In your own words, what does your company do?

We're a big dealership group. We have over 300 stores. We sell cars and service cars. It's a bunch of dealerships, different brands. We have a few that are considered AutoNation stores, kind of like CarMax has their store. But we primarily just own a bunch of stores that may not even have the AutoNation name in the name.

What drew you to your current business?

My last job was with Starwood Hotels. I led the mobile engineering at that company. One thing I loved about hospitality was how much emphasis we put on guest experience. We were really good at what we did. When Marriott bought us, some of the leadership went to AutoNation and asked me would I want to do that and bring that emphasis. This is an industry that's kind of behind. I saw it as a unique challenge to try to improve the guest experience when you're buying or servicing a vehicle.

AutoNation is based in Florida. Do you have a team here?

I have three developers here. I'm in the process of hiring more. The big picture would be to continue growing my team here. I haven't seen a lot of mobile work in our area. Mobile is kind of my passion. When they gave me the opportunity to come to AutoNation, I said I didn't want to move. So they said, "OK, you can build a team in Charleston."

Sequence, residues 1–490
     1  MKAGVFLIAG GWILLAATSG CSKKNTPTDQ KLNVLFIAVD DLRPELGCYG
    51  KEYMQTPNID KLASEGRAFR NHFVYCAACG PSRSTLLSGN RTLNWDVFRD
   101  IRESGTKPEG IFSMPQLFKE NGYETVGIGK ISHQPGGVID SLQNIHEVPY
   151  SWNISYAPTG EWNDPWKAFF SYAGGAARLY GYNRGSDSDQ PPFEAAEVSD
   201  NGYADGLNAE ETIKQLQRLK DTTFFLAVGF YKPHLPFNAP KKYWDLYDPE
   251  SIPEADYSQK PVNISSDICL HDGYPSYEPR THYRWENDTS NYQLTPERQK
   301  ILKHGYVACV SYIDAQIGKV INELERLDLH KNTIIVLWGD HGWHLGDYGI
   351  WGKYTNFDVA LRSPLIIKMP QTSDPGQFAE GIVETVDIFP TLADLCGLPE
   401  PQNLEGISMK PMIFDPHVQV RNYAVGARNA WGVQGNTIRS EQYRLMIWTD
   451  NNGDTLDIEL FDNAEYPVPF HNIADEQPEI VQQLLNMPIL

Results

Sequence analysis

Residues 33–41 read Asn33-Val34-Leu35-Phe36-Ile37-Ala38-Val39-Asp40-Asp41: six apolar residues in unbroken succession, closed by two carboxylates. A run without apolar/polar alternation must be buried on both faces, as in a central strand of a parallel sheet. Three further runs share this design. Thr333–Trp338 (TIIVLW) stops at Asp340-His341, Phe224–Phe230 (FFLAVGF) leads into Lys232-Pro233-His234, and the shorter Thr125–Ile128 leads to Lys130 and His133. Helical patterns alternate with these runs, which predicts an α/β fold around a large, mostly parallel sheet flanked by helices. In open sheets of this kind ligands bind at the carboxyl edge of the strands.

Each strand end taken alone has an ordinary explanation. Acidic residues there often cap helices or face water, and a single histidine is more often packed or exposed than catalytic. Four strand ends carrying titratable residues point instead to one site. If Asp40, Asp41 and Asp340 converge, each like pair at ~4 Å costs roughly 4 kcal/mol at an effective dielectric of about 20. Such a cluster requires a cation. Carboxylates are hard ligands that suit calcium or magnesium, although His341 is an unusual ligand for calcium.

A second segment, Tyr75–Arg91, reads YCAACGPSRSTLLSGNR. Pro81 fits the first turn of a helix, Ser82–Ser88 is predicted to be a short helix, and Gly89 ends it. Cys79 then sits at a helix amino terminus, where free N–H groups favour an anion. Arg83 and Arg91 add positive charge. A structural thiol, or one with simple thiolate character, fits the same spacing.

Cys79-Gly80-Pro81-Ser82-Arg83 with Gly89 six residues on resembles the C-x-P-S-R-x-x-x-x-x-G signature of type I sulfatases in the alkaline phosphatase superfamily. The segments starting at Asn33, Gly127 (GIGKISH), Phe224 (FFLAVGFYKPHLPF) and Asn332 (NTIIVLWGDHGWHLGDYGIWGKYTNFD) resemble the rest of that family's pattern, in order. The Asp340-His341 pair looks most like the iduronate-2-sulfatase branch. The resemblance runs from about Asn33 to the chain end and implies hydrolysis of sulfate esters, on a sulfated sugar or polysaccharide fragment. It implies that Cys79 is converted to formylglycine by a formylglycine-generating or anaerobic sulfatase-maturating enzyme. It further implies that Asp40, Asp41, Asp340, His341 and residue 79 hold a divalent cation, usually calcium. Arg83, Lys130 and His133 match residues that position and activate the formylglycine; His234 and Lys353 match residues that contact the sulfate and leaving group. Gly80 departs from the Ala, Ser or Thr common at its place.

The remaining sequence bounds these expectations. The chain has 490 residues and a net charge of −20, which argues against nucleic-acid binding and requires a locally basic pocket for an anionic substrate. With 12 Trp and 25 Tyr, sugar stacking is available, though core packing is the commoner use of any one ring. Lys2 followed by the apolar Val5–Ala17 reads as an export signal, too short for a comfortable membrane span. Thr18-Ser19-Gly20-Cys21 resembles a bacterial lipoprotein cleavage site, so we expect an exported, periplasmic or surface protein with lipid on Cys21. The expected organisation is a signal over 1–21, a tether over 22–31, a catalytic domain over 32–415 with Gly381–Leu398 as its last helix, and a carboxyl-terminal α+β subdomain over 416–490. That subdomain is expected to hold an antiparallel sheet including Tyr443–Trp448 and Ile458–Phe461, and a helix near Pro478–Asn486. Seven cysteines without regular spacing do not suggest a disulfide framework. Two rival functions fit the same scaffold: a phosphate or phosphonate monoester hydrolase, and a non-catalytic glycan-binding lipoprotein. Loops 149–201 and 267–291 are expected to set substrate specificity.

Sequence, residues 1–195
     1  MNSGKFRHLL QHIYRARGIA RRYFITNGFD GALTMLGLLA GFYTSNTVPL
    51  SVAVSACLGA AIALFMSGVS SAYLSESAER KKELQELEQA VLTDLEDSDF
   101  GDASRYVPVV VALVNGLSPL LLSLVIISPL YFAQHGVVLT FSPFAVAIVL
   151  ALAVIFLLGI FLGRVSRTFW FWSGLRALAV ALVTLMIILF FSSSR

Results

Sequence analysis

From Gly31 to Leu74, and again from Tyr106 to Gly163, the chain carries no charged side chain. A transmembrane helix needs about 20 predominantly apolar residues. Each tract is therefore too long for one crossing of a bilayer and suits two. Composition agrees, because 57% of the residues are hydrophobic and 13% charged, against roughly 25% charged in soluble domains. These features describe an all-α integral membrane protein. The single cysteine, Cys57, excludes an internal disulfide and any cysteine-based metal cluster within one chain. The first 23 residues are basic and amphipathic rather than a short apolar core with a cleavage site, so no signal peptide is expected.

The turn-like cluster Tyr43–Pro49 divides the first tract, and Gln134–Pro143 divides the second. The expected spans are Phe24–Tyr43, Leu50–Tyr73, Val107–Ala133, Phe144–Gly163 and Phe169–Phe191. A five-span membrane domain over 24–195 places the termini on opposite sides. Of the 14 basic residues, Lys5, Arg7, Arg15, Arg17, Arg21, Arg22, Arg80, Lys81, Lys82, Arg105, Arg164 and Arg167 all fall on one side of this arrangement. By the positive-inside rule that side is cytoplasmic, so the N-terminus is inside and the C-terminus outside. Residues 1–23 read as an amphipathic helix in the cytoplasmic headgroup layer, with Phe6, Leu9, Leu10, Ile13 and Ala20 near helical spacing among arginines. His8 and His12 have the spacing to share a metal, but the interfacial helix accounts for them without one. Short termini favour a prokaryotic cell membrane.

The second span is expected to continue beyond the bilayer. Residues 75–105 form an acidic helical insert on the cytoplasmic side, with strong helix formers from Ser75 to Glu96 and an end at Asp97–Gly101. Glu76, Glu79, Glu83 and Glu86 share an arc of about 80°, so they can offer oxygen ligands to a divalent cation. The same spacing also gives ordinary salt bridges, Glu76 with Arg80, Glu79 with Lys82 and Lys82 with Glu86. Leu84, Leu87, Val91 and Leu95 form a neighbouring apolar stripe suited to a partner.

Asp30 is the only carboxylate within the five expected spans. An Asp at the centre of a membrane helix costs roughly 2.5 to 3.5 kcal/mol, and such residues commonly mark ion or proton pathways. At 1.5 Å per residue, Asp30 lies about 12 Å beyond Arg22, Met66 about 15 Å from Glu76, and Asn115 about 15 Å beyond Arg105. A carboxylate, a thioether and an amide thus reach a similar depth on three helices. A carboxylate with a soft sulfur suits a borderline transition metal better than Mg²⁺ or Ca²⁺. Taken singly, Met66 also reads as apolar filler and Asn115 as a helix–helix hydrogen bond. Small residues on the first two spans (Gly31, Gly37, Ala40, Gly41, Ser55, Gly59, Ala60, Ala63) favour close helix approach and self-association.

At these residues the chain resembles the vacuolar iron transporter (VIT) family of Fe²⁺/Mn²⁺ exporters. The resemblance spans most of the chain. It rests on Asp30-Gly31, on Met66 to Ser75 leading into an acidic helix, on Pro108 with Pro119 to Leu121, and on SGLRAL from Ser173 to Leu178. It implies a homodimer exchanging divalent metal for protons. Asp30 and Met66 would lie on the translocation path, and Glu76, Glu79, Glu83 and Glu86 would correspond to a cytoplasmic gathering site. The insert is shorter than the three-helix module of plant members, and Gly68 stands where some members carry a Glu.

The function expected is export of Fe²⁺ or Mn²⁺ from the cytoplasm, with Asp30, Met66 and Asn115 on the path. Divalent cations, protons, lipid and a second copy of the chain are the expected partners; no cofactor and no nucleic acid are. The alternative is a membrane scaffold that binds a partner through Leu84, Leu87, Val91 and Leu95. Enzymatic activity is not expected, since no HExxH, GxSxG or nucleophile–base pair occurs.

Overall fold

What's the hardest or most important lesson you've learned in business?

I touched on it earlier: Tech is easy, people are hard.

Have you learned any tricks for managing that?

Give people the benefit of the doubt. The way that they word things may be not how you would word them when they're coming to you over the phone or especially via email, when it's in text. Typically, people have good intentions, so you have to approach things that way. It's easy to misunderstand and then get defensive about something. But everybody kind of has the same goal. They just maybe have a different driver for what their position is.

What lessons have you learned from good bosses? Bad bosses?

From bad bosses, don't get emotional. Stay levelheaded. Whatever is on fire, just work through the issue.

From good bosses, set clear direction. That's not to say you don't ever change your mind, but let everybody understand what it is you're going over the hill for, what you're aiming at. It lets people understand what the goal is. Because when it's a grey area, people are all over the place and don't really work together. They have a different understanding of what the goal is.

Do you have a morning routine or ritual? Or an evening one?

I wish I could say I was up every day at 4 and was running 10 miles. The thing that I have to have every morning is a cup of black coffee and a shower. No matter if I'm on vacation or whatever, I've got to be up and doing that. That's my only real routine.